Swirly Mein Kopf

Sunday, February 26. 2012

GHC 7.4.1 speeds up arbtt by a factor of 22

Haskell

More than two years ago I wrote arbtt, a tool that silently records what programs you are using and allows you to do statistics on that data later, based on rules that you define afterwards, hence the name automatic rule based time tracker. I wasn’t doing much with it recently (the last release has been half a year ago), but it nevertheless was running on my machine and by now has tracked a total time span of 248 days in 350000 records.

Yesterday, I had a use for it again: measuring the time spent creating a certain document with LaTeX. So I added a rule to my categorize.cfg and ran arbtt-stats. I knew that it was not very fast, and that my data set has grown considerably since I last used it. And indeed, it took more than 6 minutes to process the data and spit out the result.

Since I’m currently working on the GHC 7.4.1 transition in Debian anyways, I decided to check what happens if I compile the code with that version of the Haskell compiler, instead of the previous version 7.0.4. And behold: The whole process took merely 17.3 seconds to complete! At first I did not believe it, but the result was identical, both binaries were built with the same option, i.e. no profiling enabled or anything like that. Wouldn’t you also like to have such speed ups for free, just by waiting for someone else to improve their work?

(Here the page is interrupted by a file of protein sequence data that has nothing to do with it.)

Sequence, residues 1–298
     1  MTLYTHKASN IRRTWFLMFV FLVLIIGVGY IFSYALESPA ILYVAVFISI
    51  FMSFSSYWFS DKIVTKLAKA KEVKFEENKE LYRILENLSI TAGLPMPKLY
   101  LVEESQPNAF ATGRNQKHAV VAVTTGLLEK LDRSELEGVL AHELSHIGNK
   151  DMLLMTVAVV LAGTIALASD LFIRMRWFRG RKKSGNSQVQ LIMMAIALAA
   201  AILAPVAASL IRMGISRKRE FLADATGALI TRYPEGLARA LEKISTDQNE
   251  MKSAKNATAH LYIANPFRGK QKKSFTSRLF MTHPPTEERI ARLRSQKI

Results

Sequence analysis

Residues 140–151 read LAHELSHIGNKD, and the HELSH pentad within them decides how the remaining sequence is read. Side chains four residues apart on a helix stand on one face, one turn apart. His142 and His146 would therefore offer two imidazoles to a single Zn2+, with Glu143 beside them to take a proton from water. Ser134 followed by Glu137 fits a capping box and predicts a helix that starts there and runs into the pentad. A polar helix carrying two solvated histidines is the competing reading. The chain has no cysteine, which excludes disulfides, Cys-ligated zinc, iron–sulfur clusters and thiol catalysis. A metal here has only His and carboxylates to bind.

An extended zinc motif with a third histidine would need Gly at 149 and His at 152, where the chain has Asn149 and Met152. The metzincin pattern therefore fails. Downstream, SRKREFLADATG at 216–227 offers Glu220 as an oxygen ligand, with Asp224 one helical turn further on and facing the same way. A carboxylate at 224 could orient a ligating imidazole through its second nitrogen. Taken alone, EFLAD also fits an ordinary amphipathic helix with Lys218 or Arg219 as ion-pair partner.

I tried to find out the reason for the speed up and created profiling output from both the old and the new binary. The old binary spends 83% of the time in Categorize.checkRegex, which basically just call Text.Regex.PCRE.Light.match. Since the version of pcre-light is the same in both binaries, I conclude that the Foreign Function Interface that GHC provides to interact with C libraries (libpcre in this case) is much faster now, although I do not find any mention in the release notes. And even if I do not count the 83% time spent in checkRegex, the code from the new compiler is still 2.7 times faster. Thanks, GHC devs, great work!

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*Thank you for getting fresh GHCs into Debian! Will give arbtt a try.
#1 Astro (Homepage) on 2012-02-26 19:35 (Reply)
*Compiling ghc is a PITA though.

First I have to compile ghc6 6.8 with ghc6 6.6 (started that about two days ago), then ghc6 6.12 with that, then I hopefully can use that to build ghc 7.4… and hscolour, which has an indirect B-D on itself (luckily, the version in m68k is barely the minimum needed to satisfy it).

hugs98 built quicker, but doesn’t seem to be able to be used for building ghc…

(Not that I even speak Haskell, but it features prominently in Debian recently, so I figured I better try to have it keep up.)
#2 mirabilos (Homepage) on 2012-02-27 10:32 (Reply)
*You can bootstrap ghc without hscolour, just the docs will be less useful.

Also when bootstrapping happy and alex (I think), you’ll find that the upstream tarball contains the generated files required to bootstrap them, but be careful: debian/rules clean removes them. Send d-haskell a mail if you need help.
#2.1 Joachim Breitner (Homepage) on 2012-02-27 11:40 (Reply)
*Last september I reported a strange phenomenon with GHC, i.e. my parser combinator library actually ran faster when profiling was switched on.

Simon Marlow looked into the issue and found that 99.5% of the time was spent in the garbage collector, which he subsequently changed. It had a tremendous speedup (~35), and i would not be surprised when you are profiting from the same change.

See:

http://hackage.haskell.org/trac/ghc/ticket/5505
#3 Doaitse Swierstra on 2012-02-27 18:23 (Reply)
*Interesting case, but unlikely the cause here. With the old code, 25% of the time was spent in the GC code, in the new code it was 36%. Also, the memory statistics were comparable.
#3.1 Joachim Breitner (Homepage) on 2012-02-27 19:15 (Reply)

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